Glazed by Hunter Hammersen


July 2021
yarn held together
Any gauge - designed for any gauge ?
Because you're not aiming for an exact size, gauge isn't as important as usual. Instead, aim for the tightest fabric you can comfortably manage.
50 - 75 yards (46 - 69 m)
Between 2 and 6 inches in diameter (about the same sizes as real donuts)
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This pattern is available for $8.00 USD buy it now

Glazed adjective coverd or coated with a glaze

Does anyone actually need these? Nope. Not at all. Not one single person. They are completely absurd and serve absolutely no practical purpose whatsoever.

But is there someone out there who wants them? Who will be delighted by them? Who will have their day made better by them? Who will be amused to no end by them? I sort of suspect the answer is a resounding yes!

And if that person is you (or someone you make things for), I invite you to join me in embracing the absurd and enjoying a small indulgence.

What to do with the sweet, silly little things:

  • String them on ribbon or twine and use them as bunting or a garland or a mobile
  • Use them as party favors or table decorations at your next party
  • Add some catnip and use them as a cat toy (be sure to read the notes in the pattern about stuffing and sprinkles if you’re giving them to pets or kids)
  • Add them to your favorite kiddo’s play kitchen (be sure to read the notes in the pattern about stuffing and sprinkles if you’re giving them to pets or kids)
  • Fill them with dried beans or rice and use them as microwaveable hand warmers (be sure to read the notes in the pattern if you’re putting them in the microwave).
  • Add a rattle insert and use one as a baby toy (be sure to read the notes in the pattern about stuffing and sprinkles if you’re giving them to pets or kids)
  • Use them as pattern weights on your next sewing project
  • Use them as a pin cusion

Your imagination is the limit here. I suspect you already have a whole host of ideas for exactly how you could use a few of these!

The pattern is tremendously detailed and holds your hand every step of the way. The hardest decision will be what flavor to make!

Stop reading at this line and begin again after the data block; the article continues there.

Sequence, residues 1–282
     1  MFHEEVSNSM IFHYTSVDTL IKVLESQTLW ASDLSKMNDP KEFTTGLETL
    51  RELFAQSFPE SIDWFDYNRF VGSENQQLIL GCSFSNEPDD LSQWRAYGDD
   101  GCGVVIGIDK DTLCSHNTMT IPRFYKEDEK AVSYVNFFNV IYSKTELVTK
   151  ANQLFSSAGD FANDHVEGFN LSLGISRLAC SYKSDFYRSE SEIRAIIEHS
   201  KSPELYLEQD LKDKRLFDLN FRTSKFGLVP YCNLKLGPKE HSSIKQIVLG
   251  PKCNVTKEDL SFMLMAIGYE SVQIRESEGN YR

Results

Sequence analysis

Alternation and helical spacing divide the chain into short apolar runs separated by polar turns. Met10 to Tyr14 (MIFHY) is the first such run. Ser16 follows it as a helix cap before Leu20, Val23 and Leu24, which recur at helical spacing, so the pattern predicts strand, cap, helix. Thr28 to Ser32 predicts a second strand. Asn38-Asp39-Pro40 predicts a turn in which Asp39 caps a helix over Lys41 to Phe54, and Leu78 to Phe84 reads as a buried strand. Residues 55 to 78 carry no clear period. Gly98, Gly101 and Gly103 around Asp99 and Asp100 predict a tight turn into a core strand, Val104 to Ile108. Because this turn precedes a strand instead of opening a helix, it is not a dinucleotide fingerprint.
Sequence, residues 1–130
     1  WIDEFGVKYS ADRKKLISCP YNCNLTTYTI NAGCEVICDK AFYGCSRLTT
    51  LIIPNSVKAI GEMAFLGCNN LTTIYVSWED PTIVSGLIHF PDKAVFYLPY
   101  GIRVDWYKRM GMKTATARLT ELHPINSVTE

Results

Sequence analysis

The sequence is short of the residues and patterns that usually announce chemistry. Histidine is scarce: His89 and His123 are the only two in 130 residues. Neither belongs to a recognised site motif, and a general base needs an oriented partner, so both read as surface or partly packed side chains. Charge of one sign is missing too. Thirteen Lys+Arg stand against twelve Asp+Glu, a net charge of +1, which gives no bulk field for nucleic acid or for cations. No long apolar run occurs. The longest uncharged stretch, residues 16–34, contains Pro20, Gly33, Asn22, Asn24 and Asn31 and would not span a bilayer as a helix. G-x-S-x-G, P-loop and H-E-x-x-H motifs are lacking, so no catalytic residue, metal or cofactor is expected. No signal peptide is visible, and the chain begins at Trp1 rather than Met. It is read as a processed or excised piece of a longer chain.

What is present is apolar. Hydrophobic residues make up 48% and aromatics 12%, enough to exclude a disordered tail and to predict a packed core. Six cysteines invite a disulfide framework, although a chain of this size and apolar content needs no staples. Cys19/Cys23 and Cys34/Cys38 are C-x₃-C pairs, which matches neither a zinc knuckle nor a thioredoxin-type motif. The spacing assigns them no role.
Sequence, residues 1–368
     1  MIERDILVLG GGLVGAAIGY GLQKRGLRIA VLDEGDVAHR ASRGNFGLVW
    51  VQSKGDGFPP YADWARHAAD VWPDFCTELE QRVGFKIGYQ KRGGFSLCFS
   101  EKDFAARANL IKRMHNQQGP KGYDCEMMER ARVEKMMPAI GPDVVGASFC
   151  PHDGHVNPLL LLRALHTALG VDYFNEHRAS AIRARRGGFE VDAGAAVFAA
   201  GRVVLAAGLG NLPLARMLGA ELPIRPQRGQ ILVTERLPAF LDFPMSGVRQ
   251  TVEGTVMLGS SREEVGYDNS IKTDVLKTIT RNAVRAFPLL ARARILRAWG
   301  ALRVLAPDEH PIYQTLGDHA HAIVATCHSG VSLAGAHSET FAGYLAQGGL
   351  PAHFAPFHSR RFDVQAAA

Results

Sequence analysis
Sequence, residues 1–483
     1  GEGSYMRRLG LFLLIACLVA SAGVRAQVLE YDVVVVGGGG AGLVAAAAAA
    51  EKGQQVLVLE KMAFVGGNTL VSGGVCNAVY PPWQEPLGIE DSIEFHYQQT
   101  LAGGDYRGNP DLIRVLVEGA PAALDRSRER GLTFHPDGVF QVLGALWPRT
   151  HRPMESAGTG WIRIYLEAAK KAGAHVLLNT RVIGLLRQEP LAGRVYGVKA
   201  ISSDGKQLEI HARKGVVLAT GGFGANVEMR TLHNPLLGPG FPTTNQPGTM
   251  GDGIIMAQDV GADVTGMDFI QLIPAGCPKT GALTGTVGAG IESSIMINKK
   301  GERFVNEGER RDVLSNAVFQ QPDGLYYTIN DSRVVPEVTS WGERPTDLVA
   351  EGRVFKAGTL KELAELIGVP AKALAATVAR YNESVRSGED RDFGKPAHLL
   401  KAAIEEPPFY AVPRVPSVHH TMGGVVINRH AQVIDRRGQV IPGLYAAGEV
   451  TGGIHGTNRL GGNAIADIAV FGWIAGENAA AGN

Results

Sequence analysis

The knitting is easy. It’s almost all stockinette in the round with just a few carefully placed increases and decreases and one tiny graft at the end to make it take shape.

You don’t need any special equipment to make them, just yarn, whatever needles you like for working in the round (circs or dpns as you prefer), and something to stuff them with (I used weighted pellets, but stuffing works great too). And if you want sprinkles, you’ll want either beads or embroidery floss. I’ve got a big blog post over here with links to all the stuff I used if you want to read more.

And just in case you’re feeling a bit nervous, the pattern includes a lengthy photo tutorial to walk you through every step of the process (including the bit where you pop it into shape and feel like an absolute wizard). There are all sorts of helpful tips on everything from how to cast on to what to fill them with to how to block them to when to weave in your ends. It’s almost absurdly detailed, but it really does mean you can totally make these!

These are perfect for you if:

  • You need something cheerful and quick
  • You have a jar of yarn leftovers you’ve been wanting to do something with
  • You’re already thinking of all the things you could do with these

These are not for you if:

  • You’re looking for a somber, serious project
  • You don’t like charts (the pattern uses charts)